Though authorities have certified it as safe and functional, doubts are cropping up whether Don Mueang airport is structurally sufficient to endure a heavier flow of flights over the long run.
A Thai AirAsia A320 docks at Don Mueang’s T1 after the terminal’s restoration. BOONSONG KOSITCHOTETHANA
The upgrade and restorations for all the vital facilities at Bangkok's old airport, especially passenger Terminal 1 (T1), the runways and the taxiways, were for "temporary" use and these structures still have some risks.
After being submerged in flood waters for about two months last year, with passenger terminals that have not been updated for over 25 years, the entire airport warrants a thorough look, said Somchai Sawasdeepon, acting president of Airports of Thailand Plc (AoT).
"We need to x-ray Don Mueang to get a good 3D picture and be absolutely sure it possesses the foundation required for long-term use and upgrades," he added.
An engineer by background, Mr Somchai asserted if any parts of the airport were not up to scratch they would be knocked down and rebuilt accordingly.
"It's not worth it for a structure to collapse and then do something about it later," said Mr Somchai, concurrently AoT senior executive vice-president and general manager of Suvarnabhumi airport.
The AoT is in talks with the Engineering Institute of Thailand (EIT) to use its expertise to carry out an in-depth inspection of Don Mueang's overall strength, particularly on subsurface foundations.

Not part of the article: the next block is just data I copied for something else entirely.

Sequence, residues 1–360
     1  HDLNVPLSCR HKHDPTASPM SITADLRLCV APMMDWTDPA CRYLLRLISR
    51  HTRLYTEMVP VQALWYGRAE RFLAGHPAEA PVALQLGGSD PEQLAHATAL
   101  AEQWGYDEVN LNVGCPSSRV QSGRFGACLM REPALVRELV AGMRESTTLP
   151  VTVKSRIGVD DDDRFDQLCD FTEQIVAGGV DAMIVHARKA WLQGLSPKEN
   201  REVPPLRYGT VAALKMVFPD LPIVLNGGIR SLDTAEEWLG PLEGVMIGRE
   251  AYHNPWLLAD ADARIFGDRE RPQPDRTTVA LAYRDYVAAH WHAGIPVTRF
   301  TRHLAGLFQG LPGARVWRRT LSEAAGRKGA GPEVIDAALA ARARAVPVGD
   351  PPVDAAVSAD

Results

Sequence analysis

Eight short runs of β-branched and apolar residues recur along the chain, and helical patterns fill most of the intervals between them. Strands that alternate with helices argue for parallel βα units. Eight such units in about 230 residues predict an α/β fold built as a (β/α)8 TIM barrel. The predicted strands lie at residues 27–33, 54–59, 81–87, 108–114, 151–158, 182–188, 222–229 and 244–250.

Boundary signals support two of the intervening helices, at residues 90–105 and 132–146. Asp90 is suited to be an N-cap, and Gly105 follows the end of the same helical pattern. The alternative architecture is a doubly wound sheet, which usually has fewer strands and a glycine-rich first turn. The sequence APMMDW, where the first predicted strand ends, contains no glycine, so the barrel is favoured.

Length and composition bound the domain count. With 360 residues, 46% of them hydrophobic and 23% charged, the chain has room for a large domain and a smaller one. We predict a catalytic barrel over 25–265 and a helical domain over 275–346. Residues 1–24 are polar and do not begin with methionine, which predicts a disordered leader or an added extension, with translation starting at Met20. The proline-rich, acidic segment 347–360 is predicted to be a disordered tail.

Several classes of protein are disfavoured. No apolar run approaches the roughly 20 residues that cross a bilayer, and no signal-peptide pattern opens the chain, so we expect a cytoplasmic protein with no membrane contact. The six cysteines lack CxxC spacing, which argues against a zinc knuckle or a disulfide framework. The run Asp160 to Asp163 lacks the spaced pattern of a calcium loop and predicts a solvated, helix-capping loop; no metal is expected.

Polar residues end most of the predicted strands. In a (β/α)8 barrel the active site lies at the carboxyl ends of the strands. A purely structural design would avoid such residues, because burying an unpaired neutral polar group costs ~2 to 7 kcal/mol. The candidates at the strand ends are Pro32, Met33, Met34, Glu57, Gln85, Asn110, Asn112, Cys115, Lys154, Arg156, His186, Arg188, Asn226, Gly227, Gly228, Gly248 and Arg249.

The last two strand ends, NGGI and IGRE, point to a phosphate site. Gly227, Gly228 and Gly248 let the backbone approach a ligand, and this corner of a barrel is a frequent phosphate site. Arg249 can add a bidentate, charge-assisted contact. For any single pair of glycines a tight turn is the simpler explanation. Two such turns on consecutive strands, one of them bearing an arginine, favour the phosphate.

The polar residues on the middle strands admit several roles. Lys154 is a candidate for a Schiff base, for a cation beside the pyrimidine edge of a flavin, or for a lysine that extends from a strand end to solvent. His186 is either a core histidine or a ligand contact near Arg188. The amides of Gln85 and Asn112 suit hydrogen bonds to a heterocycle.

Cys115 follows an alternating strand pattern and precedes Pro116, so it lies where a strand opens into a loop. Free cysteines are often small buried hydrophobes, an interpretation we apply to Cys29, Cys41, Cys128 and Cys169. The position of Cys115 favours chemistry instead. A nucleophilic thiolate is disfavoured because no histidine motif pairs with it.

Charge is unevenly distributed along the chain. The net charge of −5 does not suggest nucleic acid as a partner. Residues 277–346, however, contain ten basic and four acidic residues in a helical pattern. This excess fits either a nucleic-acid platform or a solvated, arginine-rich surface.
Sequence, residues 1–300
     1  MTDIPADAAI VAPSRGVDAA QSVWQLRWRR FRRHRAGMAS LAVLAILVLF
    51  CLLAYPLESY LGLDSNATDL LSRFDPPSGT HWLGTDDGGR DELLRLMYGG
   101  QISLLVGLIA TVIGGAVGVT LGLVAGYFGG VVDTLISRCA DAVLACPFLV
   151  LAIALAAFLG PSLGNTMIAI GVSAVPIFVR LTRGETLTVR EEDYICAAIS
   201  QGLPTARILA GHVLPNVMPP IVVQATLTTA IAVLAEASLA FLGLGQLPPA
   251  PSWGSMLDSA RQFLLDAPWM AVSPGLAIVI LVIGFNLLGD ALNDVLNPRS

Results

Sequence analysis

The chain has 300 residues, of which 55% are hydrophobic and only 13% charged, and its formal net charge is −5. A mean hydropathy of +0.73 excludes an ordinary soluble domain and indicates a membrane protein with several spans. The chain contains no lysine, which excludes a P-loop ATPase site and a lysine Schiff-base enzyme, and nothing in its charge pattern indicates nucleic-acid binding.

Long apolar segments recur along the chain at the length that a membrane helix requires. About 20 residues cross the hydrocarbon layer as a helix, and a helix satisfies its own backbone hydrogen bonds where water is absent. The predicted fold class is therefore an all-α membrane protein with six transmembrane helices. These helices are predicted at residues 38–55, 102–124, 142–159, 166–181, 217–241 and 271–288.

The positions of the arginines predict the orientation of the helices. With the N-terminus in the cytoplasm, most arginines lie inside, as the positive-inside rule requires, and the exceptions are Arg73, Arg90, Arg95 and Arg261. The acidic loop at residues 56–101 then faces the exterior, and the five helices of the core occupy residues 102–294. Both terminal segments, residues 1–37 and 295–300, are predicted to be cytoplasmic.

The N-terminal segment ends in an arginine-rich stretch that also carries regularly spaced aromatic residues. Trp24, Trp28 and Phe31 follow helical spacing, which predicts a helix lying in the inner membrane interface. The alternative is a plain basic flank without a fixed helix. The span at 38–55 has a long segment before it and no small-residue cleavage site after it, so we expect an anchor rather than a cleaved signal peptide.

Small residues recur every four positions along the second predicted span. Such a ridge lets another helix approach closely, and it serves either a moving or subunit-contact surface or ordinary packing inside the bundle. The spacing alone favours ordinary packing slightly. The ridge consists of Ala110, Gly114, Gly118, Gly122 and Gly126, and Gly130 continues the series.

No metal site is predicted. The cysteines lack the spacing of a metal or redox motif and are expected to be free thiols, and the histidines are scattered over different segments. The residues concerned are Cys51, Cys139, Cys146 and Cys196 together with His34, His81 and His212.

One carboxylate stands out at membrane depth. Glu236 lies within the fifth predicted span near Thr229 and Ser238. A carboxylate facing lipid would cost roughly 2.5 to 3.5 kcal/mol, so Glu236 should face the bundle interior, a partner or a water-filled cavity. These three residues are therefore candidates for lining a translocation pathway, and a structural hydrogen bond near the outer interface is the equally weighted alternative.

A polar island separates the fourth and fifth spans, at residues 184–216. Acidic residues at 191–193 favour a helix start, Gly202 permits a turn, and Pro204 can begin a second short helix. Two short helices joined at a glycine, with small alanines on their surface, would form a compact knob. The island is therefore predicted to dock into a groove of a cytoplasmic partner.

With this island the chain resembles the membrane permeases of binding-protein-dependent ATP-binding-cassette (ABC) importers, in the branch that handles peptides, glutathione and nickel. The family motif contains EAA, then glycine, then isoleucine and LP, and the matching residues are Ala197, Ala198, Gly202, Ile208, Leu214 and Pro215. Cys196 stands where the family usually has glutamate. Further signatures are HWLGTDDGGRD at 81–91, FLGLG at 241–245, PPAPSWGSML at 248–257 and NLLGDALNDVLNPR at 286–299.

A thorough examination is essential before the AoT can map out any plans for further upgrades of T1 and the restoration of the adjacent T2, which has been in a derelict state since it was closed in 2006, with much of the supporting facilities removed for use elsewhere.
AoT rushed to make Don Mueang functional with international passenger processing facilities and the ability to serve greater traffic with the migration of low-cost carrier AirAsia from Suvarnabhumi on Oct 1.
"T1 is all right up to a certain level, bearing in mind that the upgrades were for temporary use," said Mr Somchai. "It still needs further improvement."
Don Mueang, once one of Asia's busiest airports processing 36.5 million passengers a year before Suvarnabhumi opened in 2006, was devastated by Thailand's worst flood in half a century last year. The century-old airfield closed from October to March this year.
With new Transport Minister Chatchart Sithipan pushing for T2 to return to service next year to deal with potential overcrowding, Mr Somchai wants restoration to begin soon.
He expects T2 should be up and running in two and a half years, when T1's capacity _ 16.5 million a year _ reaches its breaking point. The combined passenger volume for the two major no-frills carriers at Don Mueang, AirAsia and Nok Air, is expected to ramp up to 14 million in the current fiscal year.
The T2 restoration is likely to be much more extensive and costly than T1's.
A grander renovation of Don Mueang is on the AoT drawing board, a three-stage development over a decade so that it can ultimately handle 66.5 million passengers a year in 2027. The plan is to dedicate Don Mueang mainly to low-cost carriers serving point-to-point flights and charter operators.
About the author
- Writer: Boonsong Kositchotethana
Position: Deputy Editor Business